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  21. added 2019-06-15
    Procreative Beneficence and in Vitro Gametogenesis.Hannah Bourne, Thomas Douglas & Julian Savulescu - 2012 - Monash Bioethics Review 30 (2):29-48.
    The Principle of Procreative Beneficence (PB) holds that when a couple plans to have a child, they have significant moral reason to select, of the possible children they could have, the child who is most likely to experience the greatest wellbeing – that is, the most advantaged child, the child with the best chance at the best life.1 PB captures the common sense intuitions of many about reproductive decisions. PB does not posit an absolute moral obligation – it does not (...)
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  22. added 2019-06-14
    The Commodification of Women's Reproductive Tissue and Services.Donna Dickenson - 2017 - In Leslie Francis (ed.), The Oxford Handbook of Reproductive Ethics. Oxford: Oxford University Press. pp. 118-140.
    Although the term commodification is sometimes criticised as imprecise or overused, in fact it has a complex philosophical ancestry and can never be used too much, because the phenomena that it describes are still gaining ground. The issues that commodification raises in relation to reproductive technologies include whether it is wrong to commodify human tissues generally and gametes particularly, and whether the person as subject and the person as object can be distinguished in modern biomedicine. This chapter examines three areas (...)
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  23. added 2019-06-14
    Feminist Perspectives on Human Genetics and Reproductive Technologies.Donna Dickenson - 2016 - eLS (Formerly Known as the Encyclopedia of Life Sciences).
    Feminism offers three separate but equally important insights about human genetics and the new reproductive technologies. First, feminism is concerned with ways in which these new technologies have the potential to exploit women, particularly in the treatment of their reproductive tissue, while seeming to offer both sexes greater reproductive freedom. This risk has been largely ignored by much bioethics, which has concentrated on choice and autonomy at the expense of justice, giving it little to say about the concept of exploitation. (...)
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  24. added 2019-06-06
    Prenatal Testing and Disability Rights. [REVIEW]A. C. Berry - 2002 - Journal of Medical Ethics 28 (2):130-130.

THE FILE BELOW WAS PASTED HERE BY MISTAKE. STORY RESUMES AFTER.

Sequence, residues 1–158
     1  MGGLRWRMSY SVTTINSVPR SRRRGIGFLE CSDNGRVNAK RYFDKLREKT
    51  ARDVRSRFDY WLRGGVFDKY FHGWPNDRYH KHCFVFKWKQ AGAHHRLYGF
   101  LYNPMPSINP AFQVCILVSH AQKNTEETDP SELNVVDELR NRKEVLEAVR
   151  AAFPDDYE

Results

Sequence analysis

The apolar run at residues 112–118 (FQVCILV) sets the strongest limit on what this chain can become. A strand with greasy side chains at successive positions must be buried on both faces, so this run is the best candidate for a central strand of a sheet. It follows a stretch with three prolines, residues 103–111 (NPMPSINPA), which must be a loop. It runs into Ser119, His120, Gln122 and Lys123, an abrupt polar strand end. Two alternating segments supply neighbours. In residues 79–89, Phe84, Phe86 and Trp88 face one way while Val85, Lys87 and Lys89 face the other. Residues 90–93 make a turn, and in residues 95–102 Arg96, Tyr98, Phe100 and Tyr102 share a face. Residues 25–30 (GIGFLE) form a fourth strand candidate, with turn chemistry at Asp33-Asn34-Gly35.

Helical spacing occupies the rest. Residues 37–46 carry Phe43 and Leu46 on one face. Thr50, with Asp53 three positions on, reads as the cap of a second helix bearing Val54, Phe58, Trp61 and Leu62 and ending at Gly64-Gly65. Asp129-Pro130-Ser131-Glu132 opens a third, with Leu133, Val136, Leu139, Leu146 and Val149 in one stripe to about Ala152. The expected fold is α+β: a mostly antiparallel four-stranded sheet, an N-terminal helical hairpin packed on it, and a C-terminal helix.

25. added 2018-12-31
    The Consistency of Medical Conscience Clause in the Light of the Abortion Debate.Krzysztof Jaworski - 2016 - Diametros 47:84-97.
    The article describes the problem of the consistency of the medical conscience clause in the Polish legal system. In the first part of the paper, I outline an account of conscience as the ultimate norm of morality. In its second part, I discuss the meaning of conscience clause and its legal status. Part three examines some criticisms of the clause in its present form. The main criticism is that the clause is self-referential, which in some cases leads to absurdity.
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  26. added 2018-12-03
    Dobrodziejstwo nowoczesnych technik wspomaganej medycznie prokreacji czy problem rodziny i dziecka? Uwagi na tle projektu ustawy o leczeniu niepłodności.Jadwiga Łuczak-Wawrzyniak & Joanna Agnieszka Haberko - 2015 - Diametros 44:20-44.
    The use of assisted reproductive technology is becoming more and more common nowadays and the procedures that a few years ago would be seen as experimental have now become basic benefits. The present text covers the issues of risks and conflicts faced by family members and related with the use of technology in the process of conceiving and giving birth to a child. The authors pay special attention to the possible use of foreign germ cells in the conception of a (...)
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  27. added 2018-12-03
    ART and Age − Gender Stereotypes in Medical Students’ Views.Anna Alichniewicz & Monika Michałowska - 2015 - Diametros 45:71-81.
    It seems interesting to find out how the situation of the Polish ART practice is reflected in the medical students’ opinions. To answer this question we carried out a two-stage research adopting a data-driven methodology based upon the grounded theory, in which we collected a mixture of quantitative and qualitative data. Our study has revealed students’ high acceptance of IVF and most of the additional procedures, except for IVF in the case of women over 40 and postmenopausal ones. The students’ (...)